The articles were all current with the oldest being and provided a good basis for stronger and more rigorous evidence to be undertaken on the research question.

Brief MI is effective. Similarly, it is a client-centered care based on needs identification, linking into more appropriate community services, and advocating where needed.

MI can help to quickly engage the patient to focus on meaningful ways to change health behavior that has great potential to make a difference. Incorporating MI on a consistent basis and on a large scale has the potential to impact patient outcomes, and overall health such as preventing obesity or diabetes, and treating substance abuse.

Rating scales like the MITI have been successfully utilized among multiple cultures as well as in different languages [18]. Additionally, nurses offer brief advice to patients and their families to help understand risk for disease, promote health, prevent disease and complications, as well as answer questions that the patient may have.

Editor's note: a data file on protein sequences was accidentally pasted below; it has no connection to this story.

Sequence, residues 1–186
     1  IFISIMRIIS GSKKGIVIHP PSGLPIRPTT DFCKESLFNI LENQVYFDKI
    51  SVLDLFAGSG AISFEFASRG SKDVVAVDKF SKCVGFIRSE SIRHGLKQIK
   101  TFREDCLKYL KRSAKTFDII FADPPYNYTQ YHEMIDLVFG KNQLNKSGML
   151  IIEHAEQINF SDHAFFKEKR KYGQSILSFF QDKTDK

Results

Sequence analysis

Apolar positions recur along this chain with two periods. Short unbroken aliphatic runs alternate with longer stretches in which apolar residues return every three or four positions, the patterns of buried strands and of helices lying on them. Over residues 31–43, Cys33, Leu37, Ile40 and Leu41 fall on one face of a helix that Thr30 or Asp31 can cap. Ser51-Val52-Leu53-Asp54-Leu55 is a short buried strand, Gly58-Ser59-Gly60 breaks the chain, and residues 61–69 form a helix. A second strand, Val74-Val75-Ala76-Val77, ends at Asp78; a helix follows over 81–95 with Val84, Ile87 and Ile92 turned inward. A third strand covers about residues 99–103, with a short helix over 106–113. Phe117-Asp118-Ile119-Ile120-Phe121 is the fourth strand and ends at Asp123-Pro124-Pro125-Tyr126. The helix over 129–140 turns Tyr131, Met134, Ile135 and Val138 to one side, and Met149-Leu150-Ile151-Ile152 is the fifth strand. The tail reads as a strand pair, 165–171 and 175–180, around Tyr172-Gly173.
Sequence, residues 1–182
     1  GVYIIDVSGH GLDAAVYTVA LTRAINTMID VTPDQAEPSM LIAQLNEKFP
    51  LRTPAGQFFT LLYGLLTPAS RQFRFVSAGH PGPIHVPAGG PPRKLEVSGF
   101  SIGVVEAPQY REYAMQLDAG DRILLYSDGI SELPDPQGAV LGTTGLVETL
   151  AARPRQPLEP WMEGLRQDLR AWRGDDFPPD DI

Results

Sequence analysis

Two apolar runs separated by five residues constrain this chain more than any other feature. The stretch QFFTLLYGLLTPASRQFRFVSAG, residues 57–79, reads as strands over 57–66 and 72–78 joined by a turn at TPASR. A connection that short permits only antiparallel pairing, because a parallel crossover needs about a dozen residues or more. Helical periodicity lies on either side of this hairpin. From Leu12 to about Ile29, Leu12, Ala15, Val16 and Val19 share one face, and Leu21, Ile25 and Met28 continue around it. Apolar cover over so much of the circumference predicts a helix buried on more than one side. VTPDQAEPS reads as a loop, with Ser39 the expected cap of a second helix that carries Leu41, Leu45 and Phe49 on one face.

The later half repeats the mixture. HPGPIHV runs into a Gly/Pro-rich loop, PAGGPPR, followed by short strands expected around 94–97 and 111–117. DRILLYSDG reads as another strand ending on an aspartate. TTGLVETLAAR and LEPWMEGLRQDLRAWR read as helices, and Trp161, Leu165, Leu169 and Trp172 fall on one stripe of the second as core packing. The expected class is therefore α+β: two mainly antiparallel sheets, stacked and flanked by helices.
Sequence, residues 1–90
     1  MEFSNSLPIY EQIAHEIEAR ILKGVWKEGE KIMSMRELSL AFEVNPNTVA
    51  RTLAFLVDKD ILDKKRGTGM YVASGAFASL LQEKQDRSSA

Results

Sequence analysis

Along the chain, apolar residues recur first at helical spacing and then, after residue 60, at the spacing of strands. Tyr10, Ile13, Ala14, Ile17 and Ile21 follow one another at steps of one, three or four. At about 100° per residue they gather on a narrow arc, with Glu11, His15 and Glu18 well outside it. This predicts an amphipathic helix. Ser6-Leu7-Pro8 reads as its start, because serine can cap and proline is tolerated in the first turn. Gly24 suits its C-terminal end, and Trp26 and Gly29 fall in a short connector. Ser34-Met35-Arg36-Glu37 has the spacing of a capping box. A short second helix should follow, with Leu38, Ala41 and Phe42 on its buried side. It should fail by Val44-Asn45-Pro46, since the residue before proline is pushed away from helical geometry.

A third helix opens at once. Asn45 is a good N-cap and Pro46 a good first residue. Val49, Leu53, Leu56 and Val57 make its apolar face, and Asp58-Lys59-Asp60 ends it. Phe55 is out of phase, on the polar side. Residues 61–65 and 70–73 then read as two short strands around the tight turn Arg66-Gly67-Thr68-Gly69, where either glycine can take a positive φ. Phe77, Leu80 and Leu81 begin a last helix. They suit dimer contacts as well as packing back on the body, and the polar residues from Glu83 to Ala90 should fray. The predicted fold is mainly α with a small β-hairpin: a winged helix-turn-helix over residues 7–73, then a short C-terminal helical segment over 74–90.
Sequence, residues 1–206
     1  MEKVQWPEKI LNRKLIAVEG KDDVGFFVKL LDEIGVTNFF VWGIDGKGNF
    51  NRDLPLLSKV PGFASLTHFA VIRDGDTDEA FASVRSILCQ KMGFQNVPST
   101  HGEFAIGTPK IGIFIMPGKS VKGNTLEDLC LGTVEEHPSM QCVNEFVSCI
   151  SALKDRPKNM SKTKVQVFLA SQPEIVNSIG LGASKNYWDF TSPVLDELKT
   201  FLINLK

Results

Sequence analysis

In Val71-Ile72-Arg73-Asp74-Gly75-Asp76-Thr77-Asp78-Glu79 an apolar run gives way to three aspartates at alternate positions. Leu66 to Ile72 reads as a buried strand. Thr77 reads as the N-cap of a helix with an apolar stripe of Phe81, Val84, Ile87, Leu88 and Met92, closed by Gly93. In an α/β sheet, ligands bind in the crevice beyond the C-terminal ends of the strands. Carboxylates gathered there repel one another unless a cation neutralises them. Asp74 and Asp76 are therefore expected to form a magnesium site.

In these, the aggregate effect size was 0. There is an additional lack of standardization of training for both clinician and trainer. The objectives of the current study, which updates the previous meta-analytic reviews, were to examine i whether MI is more efficacious than no treatment in reducing alcohol consumption, and ii whether MI is as efficacious as other treatments.

Research shows that clinicians are not well-prepared to influence patients in changing health behavior [5]. Methodological quality score The quality of each study was assessed according to 12 criteria developed by Miller et al.

One example is obesity that can be prevented with the lifestyle behaviors of healthy eating, being physically active, achieving healthy weight, and obtaining adequate sleep each night. For instance, in the case of hazardous drinking, identifying the harmful effects of drinking alcohol can instil the motivation to change.